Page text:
Soon after my life-partner’s death, I had an experience of new awareness that transformed my life. In this audio teleseminar, I share what I learned and the daily practices that support my inner peace and wellbeing.
This recording is the final seminar of the series “Taking Care of the Caregiver,” hosted by Batiyah at Reflect, Relate, Renew. The purpose is to support you in connecting to more inner peace and joy within yourself, despite challenging external circumstances and loss.
From the recording:
“I’m often asking myself on a daily basis: Where is my energy focused? Is it on loss or connection? Is it on absence or presence? It truly is for me about the awareness first, and then the choice next. And breaking that cycle of absence.”
“Loss only exists hand in hand with disconnection or absence . . . We know the loss is real, the loss itself isn’t changing. But the experience of the loss is what we can shift.”
“How can we live in the physical world, with physical challenges and physical losses, AND still experience presence, connection and alignment to the bigger part of ourselves? And to the peace and love and joy that exists when we tap into this essence of life?”
As you listen, I invite you to discover how these perspectives and simple tools can benefit your personal journey.
I would love to hear from you! Please share your insights and input. Thanks!
Over five years ago in 2009, I wrote my first blog post ever. The website I created at the time was called Optimystic Institute and my initial article was about the unexpected death of my dear friend Guen. Today, June 4th, had been her birthday.
Back then, my focus wasn’t death and dying. It was inner joy and optimism.
Actually, my focus still IS inner joy and optimism. But my entry point to these topics is now death and grief, rather than the other way around.
I had imagined that my response to our temporary lives had been shaped primarily by my life-partner Kate’s death in December 2011.
Then I reread this article.
My experience of Guen paved the way for my exploration of embracing death as part of life. My experience of Guen prompted many questions I continue to ask and countless conversations I continue to have about how someone’s death can inspire my own life.
These are the roots of “Seeing Death in a Different Light” . . .
I wasn’t uncomfortable with the topic itself or his bold idea that “it’s a moral obligation to die well.” I was actually quite moved by his courageous and controversial words. In fact, his ideas catalyzed my article Is Wisdom the Essence of Dying Well?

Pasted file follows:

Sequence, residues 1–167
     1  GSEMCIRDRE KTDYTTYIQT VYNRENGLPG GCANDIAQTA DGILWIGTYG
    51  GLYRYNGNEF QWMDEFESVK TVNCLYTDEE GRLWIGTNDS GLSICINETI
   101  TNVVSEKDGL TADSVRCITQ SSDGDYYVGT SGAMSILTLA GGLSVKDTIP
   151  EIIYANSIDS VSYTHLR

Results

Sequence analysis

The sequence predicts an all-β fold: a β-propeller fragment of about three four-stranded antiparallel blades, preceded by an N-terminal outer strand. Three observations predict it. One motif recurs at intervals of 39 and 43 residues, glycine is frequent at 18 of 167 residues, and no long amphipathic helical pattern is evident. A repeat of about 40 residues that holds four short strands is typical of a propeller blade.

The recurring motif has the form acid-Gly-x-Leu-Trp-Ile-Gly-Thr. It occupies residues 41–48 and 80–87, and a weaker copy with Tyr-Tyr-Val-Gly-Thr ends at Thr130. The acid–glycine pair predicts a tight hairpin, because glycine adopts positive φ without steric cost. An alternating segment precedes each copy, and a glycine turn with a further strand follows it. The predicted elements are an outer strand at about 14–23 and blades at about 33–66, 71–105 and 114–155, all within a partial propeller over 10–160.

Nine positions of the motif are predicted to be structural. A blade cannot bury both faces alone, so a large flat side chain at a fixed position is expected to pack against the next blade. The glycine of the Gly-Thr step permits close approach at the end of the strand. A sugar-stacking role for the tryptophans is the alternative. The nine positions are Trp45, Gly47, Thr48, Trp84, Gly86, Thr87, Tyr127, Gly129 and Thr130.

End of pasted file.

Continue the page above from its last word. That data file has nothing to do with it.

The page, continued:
I felt uncomfortable because Thou Must Die Well seemed like a huge demand on someone who is dying.
I wanted to take the focus off of the person who is dying and put the attention onto those of us who care about them. I wanted to say “Wait! What about our obligation as loved ones? How can we ask or expect someone to ‘die well’ or ‘die wise’ if we don’t join them fully?”
As a child growing up Catholic in the 1970’s, I was taught to face my own death every night. I doubt that was the intention of the simple bedtime prayer I said from age three until my early teens. But that was the effect.
Photo credit: iStockphoto.com/shalamov
I imagine the prayer is familiar to some of you:
Now I lay me down to sleep I pray the Lord my soul to keep and if I die before I wake I pray the Lord my soul to take
This little rhyme put the idea of a “soul” or spirit into my awareness. The underlying assumption was that I, or my soul, somehow continued on even after death.
The prayer also offered me a taste of what it must be like to die. It must be similar to falling asleep, and never waking up again. I often wondered what that would feel like, and imagined falling asleep forever. And other questions popped up, too.
Where would I go? What about my soul? If Jesus or God “took it,” where would they take it?
Oddly, the possibility of dying in my sleep felt very real because of this seemingly innocent prayer. So I repeated it every night, without fail, just to be safe. I wasn’t necessarily afraid of dying. Then again, I wasn’t afraid of rain either. But I was told if I carried an umbrella, it might keep the rain away. And the adults seems to prefer that it didn’t rain.
So I carried my umbrella – and my beliefs – like they did.